House bill with Metro funding voted down
This article first appeared in the St. Louis Beacon, April 30, 2009 - A $12 million allotment for St. Louis' Metro transit system received a serious blow on Thursday when the Missouri House voted down a bill including Metro and other projects to be funded with federal stimulus dollars.
Lt. Gov. Peter Kinder alleged in a conference call shortly after the vote that Gov. Jay Nixon had been working behind the scenes against the bill.
"This is an open secret in the House of Representatives,'' said Kinder, a Republican. He gave no explanation as to why Nixon, a Democrat, opposed financial aid for Metro.
But Kinder said that many Republicans had voted for the bill with the Metro aid, while some Democrats had voted against it.
Could Metro funding be revived?
It is possible for lawmakers to bring the bill back up for debate by issuing a "motion to reconsider." That's when a lawmaker asks a bill to be brought back up for debate and for further amendments.
Such a motion, said House Majority Leader Steve Tilley, R-Perryville, must be made within two or three legislative days. That would mean state Rep. Allen Icet, R-Wildwood, would have to bring the bill up again by sometime early next week.
And if Icet wants to bring the bill back up, Tilley said he would be more than happy to oblige.
"If [Icet] comes to us and says I want to get this bill done, I can assure you that we're going to be able to get it done," Tilley said.
Speaker Pro Tem Bryan Pratt, R-Blue Springs, said that the legislation would have to undergo changes to get out of the House.
"There's certainly going to have to be some changes," Pratt said. "There are some problems with that bill, there are some problems with the budget. We're going to see if we can negotiate."
Joining Kinder on the call were state Rep. Ted Hoskins, D-St. Louis, and state Sen. Jane Cunningham, R-Chesterfield.
Hoskins said that Nixon "cannot be silent on this issue ... I implore the governor to come on board.''
Nixon press secretary Scott Holste acknowledged today that the governor opposes HB 22, which contained the money for Metro. But Holste said the issue wasn't any single project, but the overall pricetag of the bill.
"A bipartisan group of representatives, including 32 Republicans, today indicated that spending an additional $336 million would be irresponsible,'' Holste said in a statement. "While the governor supports Metro funding, he agrees with the Legislature that the current bill simply costs too much."
Hoskins said that Metro's service cuts has forced some riders to wait hours for a bus to get to work "or they can't get to work at all." Metro also has cut 500 jobs, he said, some of them held by residents in his district.
Another St. Louis legislator, state Rep. Jamilah Nasheed, went even further. In a letter to Nixon, she asserted that the governor has “essentially ignored the plight of blacks in the City of St. Louis.”
“Your silence on this issue -– for which the word ‘huge’ is no understatement -– amounts to a callous and even cavalier attitude toward the St. Louis metropolitan area,” Nasheed wrote. “Certainly by now you are acquainted with the data demonstrating the harmful economic impact of the drastic reduction in transportation services by Metro, and sure you recognize the pain this is causing so many who are striving with all their meager resources to survive -– to keep their jobs -– in this economic climate.”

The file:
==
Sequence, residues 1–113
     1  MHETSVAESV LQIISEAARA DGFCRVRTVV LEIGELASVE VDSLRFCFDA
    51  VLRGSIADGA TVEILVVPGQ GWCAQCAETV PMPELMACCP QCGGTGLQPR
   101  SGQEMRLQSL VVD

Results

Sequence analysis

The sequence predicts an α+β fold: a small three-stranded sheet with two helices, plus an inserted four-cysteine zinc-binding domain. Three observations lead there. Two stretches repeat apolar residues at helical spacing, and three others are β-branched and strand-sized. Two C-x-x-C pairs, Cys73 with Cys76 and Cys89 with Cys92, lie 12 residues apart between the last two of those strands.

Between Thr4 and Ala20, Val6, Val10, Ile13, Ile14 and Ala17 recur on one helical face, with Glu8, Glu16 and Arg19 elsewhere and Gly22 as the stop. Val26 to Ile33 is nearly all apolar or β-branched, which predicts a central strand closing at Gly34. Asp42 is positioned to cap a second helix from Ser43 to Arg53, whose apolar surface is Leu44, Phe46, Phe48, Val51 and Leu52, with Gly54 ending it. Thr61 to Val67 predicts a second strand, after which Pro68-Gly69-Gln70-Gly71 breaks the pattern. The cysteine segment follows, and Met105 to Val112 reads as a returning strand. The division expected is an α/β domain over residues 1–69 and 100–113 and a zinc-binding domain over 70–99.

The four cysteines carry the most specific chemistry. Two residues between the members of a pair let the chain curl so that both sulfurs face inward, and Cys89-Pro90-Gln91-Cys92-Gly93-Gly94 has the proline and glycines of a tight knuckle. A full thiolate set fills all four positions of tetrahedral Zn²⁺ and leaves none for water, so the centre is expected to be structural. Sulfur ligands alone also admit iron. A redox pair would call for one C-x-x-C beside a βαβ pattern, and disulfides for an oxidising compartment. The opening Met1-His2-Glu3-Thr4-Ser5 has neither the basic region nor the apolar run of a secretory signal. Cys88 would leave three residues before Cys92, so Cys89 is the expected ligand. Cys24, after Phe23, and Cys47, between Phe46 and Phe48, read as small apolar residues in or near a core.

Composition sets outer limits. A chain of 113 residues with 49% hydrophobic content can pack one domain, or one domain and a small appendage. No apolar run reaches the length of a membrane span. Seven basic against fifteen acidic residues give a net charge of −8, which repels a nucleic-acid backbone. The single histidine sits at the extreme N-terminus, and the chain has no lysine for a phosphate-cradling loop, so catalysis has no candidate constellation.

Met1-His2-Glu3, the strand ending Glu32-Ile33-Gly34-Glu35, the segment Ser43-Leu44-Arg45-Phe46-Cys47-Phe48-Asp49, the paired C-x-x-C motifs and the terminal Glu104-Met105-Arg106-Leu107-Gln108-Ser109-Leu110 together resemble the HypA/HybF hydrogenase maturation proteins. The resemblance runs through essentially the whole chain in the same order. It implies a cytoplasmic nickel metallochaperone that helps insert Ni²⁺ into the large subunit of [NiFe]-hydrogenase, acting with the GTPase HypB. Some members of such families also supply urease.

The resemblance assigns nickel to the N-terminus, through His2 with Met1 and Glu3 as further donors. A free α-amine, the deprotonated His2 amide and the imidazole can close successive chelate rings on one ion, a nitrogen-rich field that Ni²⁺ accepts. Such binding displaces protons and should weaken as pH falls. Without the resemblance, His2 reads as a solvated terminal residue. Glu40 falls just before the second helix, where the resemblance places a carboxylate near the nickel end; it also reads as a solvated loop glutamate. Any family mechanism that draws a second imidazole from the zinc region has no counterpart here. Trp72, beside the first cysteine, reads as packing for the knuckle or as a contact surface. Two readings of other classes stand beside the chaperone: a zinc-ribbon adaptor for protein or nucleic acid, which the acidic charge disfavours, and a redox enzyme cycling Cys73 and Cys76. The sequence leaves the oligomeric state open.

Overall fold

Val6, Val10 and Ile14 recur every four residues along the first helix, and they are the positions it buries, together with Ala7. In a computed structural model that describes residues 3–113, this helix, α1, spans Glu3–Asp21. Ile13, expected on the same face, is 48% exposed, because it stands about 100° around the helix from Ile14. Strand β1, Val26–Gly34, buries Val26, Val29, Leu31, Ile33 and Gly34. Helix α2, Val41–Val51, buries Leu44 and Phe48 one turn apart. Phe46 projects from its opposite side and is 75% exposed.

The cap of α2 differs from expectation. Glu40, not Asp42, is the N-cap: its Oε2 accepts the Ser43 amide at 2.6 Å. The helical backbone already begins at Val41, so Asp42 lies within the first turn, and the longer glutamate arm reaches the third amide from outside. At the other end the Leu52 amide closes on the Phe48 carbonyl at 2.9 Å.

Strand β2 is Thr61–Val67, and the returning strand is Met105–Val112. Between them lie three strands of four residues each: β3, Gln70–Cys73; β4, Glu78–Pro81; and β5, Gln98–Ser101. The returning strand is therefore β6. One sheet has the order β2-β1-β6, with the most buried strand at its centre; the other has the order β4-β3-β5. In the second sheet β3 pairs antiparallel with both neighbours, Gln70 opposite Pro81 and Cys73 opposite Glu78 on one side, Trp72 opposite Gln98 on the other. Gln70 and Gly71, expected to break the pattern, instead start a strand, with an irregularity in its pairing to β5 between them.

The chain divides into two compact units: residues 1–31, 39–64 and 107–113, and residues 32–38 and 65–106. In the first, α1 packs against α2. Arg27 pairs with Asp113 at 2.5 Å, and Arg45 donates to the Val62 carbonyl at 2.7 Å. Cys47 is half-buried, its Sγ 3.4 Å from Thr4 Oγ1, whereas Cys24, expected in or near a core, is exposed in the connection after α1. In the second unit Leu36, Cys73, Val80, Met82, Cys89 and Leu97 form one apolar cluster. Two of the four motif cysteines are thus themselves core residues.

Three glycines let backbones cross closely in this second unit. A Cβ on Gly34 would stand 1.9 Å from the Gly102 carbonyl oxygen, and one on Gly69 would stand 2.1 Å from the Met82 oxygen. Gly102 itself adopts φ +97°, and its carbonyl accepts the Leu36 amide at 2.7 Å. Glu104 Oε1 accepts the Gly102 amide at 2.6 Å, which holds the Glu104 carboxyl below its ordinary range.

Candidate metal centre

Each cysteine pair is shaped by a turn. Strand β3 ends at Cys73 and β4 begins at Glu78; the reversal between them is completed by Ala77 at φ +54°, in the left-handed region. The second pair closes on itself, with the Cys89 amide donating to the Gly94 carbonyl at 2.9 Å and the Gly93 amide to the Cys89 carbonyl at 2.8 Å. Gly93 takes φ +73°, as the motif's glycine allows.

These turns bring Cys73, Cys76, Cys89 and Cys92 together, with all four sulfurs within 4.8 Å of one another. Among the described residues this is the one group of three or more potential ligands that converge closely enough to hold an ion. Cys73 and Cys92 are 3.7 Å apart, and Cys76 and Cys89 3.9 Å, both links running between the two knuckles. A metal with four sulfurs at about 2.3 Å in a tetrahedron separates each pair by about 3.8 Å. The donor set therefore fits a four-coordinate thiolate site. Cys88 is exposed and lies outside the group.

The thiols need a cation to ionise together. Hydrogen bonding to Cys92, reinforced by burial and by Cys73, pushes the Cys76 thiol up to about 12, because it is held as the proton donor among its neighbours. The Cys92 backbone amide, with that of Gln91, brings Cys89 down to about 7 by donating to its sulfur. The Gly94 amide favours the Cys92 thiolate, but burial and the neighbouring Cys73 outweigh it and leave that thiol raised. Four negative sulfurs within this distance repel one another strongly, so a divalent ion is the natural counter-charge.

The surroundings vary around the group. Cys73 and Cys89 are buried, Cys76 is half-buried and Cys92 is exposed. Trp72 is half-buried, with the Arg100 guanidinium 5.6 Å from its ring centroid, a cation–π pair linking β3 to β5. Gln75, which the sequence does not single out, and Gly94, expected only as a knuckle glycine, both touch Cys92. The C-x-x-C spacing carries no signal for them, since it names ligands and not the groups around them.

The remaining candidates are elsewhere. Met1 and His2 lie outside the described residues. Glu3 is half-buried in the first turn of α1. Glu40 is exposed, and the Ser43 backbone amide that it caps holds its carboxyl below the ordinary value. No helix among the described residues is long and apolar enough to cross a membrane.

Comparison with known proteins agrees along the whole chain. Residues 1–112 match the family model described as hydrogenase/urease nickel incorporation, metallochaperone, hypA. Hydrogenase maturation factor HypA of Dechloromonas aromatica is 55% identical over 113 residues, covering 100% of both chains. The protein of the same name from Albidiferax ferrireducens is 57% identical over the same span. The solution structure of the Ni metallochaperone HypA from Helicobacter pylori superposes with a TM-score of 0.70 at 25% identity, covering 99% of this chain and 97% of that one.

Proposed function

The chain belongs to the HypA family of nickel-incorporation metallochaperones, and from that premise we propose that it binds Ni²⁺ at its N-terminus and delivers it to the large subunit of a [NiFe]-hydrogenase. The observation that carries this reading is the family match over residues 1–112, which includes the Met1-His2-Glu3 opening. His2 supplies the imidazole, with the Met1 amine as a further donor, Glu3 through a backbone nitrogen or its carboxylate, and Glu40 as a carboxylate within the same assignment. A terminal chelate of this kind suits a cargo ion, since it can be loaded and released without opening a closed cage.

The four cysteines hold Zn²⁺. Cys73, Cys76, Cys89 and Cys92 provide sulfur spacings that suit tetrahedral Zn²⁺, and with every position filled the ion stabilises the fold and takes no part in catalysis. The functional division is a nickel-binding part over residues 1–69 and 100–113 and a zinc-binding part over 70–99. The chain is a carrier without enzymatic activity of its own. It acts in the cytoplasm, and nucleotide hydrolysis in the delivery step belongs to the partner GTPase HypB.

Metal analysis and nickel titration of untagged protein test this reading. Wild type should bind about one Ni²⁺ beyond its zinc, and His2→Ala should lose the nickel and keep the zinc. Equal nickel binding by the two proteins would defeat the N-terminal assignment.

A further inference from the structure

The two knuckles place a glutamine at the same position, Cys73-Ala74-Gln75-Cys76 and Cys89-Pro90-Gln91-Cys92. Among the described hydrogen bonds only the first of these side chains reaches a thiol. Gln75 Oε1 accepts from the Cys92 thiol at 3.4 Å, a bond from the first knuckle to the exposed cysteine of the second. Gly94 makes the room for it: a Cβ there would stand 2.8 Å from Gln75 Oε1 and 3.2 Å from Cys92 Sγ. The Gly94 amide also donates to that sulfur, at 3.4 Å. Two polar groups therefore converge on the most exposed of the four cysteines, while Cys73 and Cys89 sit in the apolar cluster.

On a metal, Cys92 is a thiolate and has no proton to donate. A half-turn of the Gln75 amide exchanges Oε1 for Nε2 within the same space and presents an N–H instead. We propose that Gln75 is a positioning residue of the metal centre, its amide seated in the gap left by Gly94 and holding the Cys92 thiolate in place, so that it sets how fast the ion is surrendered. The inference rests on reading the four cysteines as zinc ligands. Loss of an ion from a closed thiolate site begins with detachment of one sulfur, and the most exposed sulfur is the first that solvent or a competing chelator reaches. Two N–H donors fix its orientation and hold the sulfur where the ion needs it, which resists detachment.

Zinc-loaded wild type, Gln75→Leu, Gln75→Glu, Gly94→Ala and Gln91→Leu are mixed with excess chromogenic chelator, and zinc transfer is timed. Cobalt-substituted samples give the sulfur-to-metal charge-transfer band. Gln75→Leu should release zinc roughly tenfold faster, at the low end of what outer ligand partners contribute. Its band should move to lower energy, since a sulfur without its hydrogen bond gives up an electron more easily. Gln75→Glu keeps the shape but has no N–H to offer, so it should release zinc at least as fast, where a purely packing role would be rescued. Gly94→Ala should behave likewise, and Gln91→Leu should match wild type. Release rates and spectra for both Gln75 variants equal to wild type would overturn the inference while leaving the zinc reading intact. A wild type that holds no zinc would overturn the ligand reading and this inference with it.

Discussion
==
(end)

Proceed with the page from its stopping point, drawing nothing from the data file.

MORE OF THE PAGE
Cunningham said that many businesses in her far West County district have been affected because their employees from the city or close-in suburbs have no transportation. The loss of those jobs means the loss of state income tax dollars that go to other parts of the state, Cunningham added, noting "the St. Louis area is the economic engine for the state."
Kinder has been actively involved in the effort to get state money for Metro for weeks, and said that lack of state help -- and lack of support by the governor -- is threatening jobs for "the working poor and the disabled'' who depend on public transportation to get to work.
Kinder denied that his accusations against Nixon were political.
On Wednesday, Rep. Rachel Storch, D-St. Louis, got passed via voice vote an amendment allocating $12 million for Metro into a bill with a number of capital improvement projects. The money was meant to assist Metro in the wake of substantial budgets cuts.
The package of projects was initially passed 97-56 and was expected to clear another vote to send it to the Senate. But in a move that caught some lawmakers off guard, the bill was voted down 82-68 on Thursday. Numerous Republicans joined a sizable cadre of Democrats voting down the measure.
Storch -- who voted for the bill -- said it's "pretty late in the session with a ticking clock" to pass some of the projects funded in the bill. In addition to Metro, the legislation featured funding for the Ellis Fischel Cancer Center in Columbia, money for a statewide police communication system and $2 million to help the state's public defender system.
"If I had a crystal ball, I would say either that money is going to lapse and we'll come back to it next year or we're headed toward a special session," Storch said.
House Budget Chairman Allen Icet, R-Wildwood, said some members of his caucus had "heartburn" over some of the projects. There was a perception, he said, that the projects were an example of needless spending.
"Going from the previous versions to this, I tried to focus on what I consider critical projects for the state," Icet said. "I'd like to ask the people who voted against it how will we find the money and pay for a statewide interoperable system (a communications system for law enforcement)? Because as I stand here, I do not know."
House Speaker Pro Tem Bryan Pratt, R-Blue Springs -- who voted against the bill -- said Republicans became fed up about how the legislation became an arena for local pork projects. He singled out the Metro allocation as an example.
"The Metro bill may have killed the bill on its own," Pratt said. "I'm not aware of any plan right now for the longtime sustainability of the Metro. They were looking for an infusion of cash without any plan to say they're not going to need the cash need year or the year after."
Read the Beacon's earlier story below:
Rep. Rachel Storch was successful on Wednesday at procuring roughly $12 million worth of federal stimulus money to help St. Louis' ailing Metro system.